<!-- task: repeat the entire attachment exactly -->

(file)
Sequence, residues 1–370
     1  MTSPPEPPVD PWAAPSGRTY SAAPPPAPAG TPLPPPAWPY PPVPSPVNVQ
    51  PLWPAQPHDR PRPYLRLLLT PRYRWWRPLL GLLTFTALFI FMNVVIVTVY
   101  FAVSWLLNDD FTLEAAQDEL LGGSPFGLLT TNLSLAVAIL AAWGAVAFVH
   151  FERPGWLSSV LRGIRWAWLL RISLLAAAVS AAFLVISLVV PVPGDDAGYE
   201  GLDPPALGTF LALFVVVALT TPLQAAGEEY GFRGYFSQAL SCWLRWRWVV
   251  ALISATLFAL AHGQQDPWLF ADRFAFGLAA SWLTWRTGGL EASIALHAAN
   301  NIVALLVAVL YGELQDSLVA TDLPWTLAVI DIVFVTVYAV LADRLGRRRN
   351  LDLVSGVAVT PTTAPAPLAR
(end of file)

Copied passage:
Sequence, residues 1–370
     1  MTSPPEPPVD PWAAPSGRTY SAAPPPAPAG TPLPPPAWPY PPVPSPVNVQ
    51  PLWPAQPHDR PRPYLRLLLT PRYRWWRPLL GLLTFTALFI FMNVVIVTVY
   101  FAVSWLLNDD FTLEAAQDEL LGGSPFGLLT TNLSLAVAIL AAWGAVAFVH
   151  FERPGWLSSV LRGIRWAWLL RISLLAAAVS AAFLVISLVV PVPGDDAGYE
   201  GLDPPALGTF LALFVVVALT TPLQAAGEEY GFRGYFSQAL SCWLRWRWVV
   251  ALISATLFAL AHGQQDPWLF ADRFAFGLAA SWLTWRTGGL EASIALHAAN
   301  NIVALLVAVL YGELQDSLVA TDLPWTLAVI DIVFVTVYAV LADRLGRRRN
   351  LDLVSGVAVT PTTAPAPLAR